October 31, 2012 Newsletter

We’d like to bring to your atttention the following article:

Simple tool may help evaluate risk for violence among patients with mental illness

Recently reported by National Institute for Mental health


Mental health professionals and others who often have to evaluate and manage the risk of violence by patients may benefit from a simple tool to more accurately make a risk assessment, according to a recent study conducted at the University of California, San Francisco. Alan Teo, M.D led the study of the use of an instrument to assess the risk of violence.

The study showed that when researchers applied the information from the “Historical, Clinical, Risk Management 20 -Clinical” (HRC-20-C) scale – a brief, structured risk assessment tool – to patients, accuracy in identifying their potential for violence by residents increased to a level nearly as high as the faculty psychiatrists’, who had an average of 15 years more experience. Similar to a checklist a pilot might use before takeoff, the HRC-20-C has just five items that any trained mental health professional can use to assess their patients.

The study was published Aug. 31 in the journal Psychiatric Services. The HCR-20-C was developed several years ago by researchers in Canada, where it is used in a number of settings such as prisons and hospitals. However, in the United States, structured tools such as the HCR-20-C are only beginning to be used in hospitals. It shows that structured methods such as HCR-20-C hold promise for improving training in risk assessment for violence.

The study included 151 patients who became violent and 150 patients who did not become violent. The patients in the study had severe mental illnesses, often schizophrenia, and had been involuntarily admitted to the hospital.

Register now for the Dec 5 seminar described below.

Click here for information and to register 

IBHI is offering a full day seminar on Improving Emergency Department Care for People with Behavioral Health Problems to be held on Dec 5th in Las Vegas.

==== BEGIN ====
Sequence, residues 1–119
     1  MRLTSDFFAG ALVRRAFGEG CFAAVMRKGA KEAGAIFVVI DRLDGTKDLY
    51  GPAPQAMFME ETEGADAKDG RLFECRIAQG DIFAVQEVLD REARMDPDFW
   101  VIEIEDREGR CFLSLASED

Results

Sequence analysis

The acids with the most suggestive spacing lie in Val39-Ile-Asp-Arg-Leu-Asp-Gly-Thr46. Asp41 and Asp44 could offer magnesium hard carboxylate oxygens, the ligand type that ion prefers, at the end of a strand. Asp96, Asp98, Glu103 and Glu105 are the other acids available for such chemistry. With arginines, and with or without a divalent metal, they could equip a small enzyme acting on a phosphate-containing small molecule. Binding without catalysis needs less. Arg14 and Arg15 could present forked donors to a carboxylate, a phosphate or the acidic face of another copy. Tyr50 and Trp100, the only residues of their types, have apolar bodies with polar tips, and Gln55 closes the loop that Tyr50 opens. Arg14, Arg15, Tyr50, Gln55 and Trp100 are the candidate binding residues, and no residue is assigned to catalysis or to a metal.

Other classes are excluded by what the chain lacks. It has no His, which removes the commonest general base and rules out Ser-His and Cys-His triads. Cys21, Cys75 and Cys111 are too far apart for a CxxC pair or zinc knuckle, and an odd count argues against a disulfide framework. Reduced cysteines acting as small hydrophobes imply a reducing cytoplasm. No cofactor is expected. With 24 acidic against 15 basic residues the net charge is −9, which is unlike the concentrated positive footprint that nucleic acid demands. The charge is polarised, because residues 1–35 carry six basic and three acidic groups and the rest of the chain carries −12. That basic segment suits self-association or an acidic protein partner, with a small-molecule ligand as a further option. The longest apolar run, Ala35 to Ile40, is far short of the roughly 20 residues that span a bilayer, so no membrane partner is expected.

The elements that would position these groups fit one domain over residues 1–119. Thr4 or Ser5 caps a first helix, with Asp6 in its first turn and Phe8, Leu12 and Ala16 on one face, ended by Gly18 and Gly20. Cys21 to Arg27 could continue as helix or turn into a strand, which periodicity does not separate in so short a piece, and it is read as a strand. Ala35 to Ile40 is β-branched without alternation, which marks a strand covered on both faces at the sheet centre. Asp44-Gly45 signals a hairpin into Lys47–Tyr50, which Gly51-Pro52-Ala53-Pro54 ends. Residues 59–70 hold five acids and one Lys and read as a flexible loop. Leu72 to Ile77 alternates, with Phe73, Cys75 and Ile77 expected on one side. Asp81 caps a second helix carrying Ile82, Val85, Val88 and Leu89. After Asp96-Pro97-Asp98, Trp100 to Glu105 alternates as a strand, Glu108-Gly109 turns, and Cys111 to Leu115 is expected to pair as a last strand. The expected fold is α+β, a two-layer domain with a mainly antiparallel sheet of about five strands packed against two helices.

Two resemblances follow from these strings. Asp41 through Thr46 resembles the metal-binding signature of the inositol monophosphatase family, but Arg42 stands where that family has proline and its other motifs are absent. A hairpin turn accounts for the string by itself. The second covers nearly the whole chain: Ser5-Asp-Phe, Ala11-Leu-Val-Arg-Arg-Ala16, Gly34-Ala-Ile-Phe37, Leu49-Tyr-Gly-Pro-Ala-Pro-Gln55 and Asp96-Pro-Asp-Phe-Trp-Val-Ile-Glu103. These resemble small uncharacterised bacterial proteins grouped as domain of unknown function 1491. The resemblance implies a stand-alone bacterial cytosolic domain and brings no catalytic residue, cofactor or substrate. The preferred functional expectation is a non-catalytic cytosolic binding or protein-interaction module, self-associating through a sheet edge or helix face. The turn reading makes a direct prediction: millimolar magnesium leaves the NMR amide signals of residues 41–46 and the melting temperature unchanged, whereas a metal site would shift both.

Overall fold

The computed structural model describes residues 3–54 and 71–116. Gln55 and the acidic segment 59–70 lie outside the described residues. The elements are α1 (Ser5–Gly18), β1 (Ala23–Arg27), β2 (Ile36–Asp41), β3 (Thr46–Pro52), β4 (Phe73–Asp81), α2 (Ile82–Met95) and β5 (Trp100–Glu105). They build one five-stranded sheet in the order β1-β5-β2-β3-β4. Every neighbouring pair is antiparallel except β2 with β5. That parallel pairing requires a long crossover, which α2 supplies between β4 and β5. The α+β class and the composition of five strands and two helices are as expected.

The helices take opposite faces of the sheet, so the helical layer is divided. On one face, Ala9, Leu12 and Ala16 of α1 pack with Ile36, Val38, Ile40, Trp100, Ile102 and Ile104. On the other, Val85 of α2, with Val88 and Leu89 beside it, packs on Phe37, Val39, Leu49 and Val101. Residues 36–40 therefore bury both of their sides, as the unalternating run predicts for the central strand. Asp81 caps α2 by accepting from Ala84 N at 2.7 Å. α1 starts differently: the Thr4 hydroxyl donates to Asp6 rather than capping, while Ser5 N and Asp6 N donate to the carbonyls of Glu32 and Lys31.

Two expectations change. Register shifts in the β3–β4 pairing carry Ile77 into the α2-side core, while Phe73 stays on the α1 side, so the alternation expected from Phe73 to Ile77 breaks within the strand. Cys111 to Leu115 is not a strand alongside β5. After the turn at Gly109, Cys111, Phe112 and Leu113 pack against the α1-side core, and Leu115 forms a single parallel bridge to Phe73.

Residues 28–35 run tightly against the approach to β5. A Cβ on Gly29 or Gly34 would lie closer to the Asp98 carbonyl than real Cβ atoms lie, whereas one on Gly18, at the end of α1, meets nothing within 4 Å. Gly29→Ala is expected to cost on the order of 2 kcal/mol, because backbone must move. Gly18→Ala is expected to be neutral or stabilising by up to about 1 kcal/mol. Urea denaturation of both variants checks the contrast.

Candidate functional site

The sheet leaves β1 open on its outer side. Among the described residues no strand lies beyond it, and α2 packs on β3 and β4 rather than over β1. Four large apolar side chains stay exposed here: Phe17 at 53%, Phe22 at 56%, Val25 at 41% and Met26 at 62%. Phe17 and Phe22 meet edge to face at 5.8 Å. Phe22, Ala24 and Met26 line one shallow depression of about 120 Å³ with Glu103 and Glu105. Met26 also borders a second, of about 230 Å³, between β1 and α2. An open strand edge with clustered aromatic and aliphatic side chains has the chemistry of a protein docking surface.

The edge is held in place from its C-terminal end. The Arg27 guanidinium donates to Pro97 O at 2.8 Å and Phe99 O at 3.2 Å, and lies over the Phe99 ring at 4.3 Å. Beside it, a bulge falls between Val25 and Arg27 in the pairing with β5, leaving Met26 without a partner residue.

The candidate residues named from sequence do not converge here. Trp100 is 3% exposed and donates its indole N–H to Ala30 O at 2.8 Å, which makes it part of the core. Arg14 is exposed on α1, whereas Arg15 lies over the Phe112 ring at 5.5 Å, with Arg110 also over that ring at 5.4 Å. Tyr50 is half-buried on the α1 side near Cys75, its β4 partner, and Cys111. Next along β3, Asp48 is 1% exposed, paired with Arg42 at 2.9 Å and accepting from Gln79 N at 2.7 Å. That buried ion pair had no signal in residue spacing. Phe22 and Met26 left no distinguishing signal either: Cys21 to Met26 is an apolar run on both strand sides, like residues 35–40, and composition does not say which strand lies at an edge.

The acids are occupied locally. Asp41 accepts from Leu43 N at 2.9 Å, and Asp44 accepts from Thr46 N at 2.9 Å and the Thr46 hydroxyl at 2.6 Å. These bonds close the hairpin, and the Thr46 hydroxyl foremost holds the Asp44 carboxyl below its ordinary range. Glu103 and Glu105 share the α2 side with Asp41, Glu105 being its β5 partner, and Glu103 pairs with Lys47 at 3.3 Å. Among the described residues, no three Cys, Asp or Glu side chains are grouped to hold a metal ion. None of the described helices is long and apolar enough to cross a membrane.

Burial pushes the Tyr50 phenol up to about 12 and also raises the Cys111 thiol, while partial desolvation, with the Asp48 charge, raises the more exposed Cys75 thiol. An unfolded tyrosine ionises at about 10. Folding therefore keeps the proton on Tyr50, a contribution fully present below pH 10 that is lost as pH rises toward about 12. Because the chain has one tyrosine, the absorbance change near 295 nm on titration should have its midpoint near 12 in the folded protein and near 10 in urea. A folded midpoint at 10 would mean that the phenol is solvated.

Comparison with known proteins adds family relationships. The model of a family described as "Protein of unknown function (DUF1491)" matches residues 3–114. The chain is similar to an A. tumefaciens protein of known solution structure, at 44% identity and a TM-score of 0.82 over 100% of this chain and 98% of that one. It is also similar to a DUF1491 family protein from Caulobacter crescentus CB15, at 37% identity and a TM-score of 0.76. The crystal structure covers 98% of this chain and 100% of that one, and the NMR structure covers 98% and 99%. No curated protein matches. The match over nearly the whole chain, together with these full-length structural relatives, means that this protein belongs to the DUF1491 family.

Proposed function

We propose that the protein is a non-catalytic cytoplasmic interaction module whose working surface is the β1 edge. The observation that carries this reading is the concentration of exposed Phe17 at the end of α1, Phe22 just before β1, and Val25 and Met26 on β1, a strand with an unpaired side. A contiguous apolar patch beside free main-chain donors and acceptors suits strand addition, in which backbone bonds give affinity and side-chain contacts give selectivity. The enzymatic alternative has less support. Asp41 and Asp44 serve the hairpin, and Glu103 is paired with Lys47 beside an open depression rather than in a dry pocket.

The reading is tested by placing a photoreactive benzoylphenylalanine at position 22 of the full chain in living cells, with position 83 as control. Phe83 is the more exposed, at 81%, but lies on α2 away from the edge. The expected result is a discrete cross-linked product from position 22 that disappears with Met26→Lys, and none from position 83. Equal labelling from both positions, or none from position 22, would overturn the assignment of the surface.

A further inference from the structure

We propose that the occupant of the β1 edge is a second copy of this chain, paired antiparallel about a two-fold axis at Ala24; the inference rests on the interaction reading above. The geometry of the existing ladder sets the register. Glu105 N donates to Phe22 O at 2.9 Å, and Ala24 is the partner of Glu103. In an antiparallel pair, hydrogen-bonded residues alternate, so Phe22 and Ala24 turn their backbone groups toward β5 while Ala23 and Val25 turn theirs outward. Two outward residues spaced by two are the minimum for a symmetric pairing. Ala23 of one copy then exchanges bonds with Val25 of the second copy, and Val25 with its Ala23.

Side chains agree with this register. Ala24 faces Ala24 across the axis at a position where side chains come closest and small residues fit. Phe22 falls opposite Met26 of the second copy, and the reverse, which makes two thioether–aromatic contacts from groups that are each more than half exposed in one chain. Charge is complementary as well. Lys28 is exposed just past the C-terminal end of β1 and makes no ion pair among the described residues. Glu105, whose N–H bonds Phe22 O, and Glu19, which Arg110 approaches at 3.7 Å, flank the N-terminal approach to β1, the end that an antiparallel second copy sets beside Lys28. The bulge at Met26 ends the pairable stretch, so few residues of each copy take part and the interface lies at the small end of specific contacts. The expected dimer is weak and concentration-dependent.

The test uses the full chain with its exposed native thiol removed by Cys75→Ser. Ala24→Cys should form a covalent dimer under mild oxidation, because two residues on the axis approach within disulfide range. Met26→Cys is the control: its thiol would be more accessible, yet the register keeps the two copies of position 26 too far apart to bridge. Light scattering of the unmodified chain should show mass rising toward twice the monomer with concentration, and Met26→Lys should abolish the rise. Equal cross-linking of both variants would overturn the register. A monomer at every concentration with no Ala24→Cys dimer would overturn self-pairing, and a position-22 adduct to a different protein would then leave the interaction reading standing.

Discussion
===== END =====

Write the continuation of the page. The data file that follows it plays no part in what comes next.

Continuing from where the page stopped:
The Joint Commission has issued two changes in accreditation requirements for hospitals which are designed to improve emergency care and address “boarding.” These changes also have the potential to affect community based providers other than hospitals. The new requirements are revisions to Standard LD.04.03.11 and Standard PC.01.01.01; and are identified as Revisions to Address Patient Flow Through the Emergency Department. 

These changes will affect both hospitals and community providers.

The new Commission requirements expect hospitals and related accredited organizations to “Set Goals” for the components of the patient flow process, and it identifies examples of the areas to be considered. The standards are especially designed to encourage hospitals to develop plans for limiting “boarding.”   This has been a frequent topic in our Emergency Care Improvement Collaborative and Seminars. The second standard reinforces the need for focusing on people who remain in Emergency care while awaiting a placement within the context of the care available. These are people often thought of as “boarded.” 
Specifically, revisions to Standard LD.04.03.11 address the following concerns for all patients, including those with behavioral health emergencies:

·  Leadership use of data and measures to identify, mitigate, and manage issues affecting patient flow throughout the hospital

·  The management of ED throughput as a system-wide issue

·  Safety for boarded patients (the practice of holding patients in the ED or another temporary location after the decision to admit or transfer has been made)

·  Leadership collaboration with behavioral health providers and authorities

 For patients who have been boarded because of behavioral health emergencies, revisions to Standard PC.01.01.01 address safety in the following areas:

·.Environment of care

· Staffing

·Assessment, reassessment, and the care provided

These changes seem destined to require modification of ED operations, and open a new era of connection between hospitals and community providers, which will demand greater understanding, coordination and joint quality improvement. 

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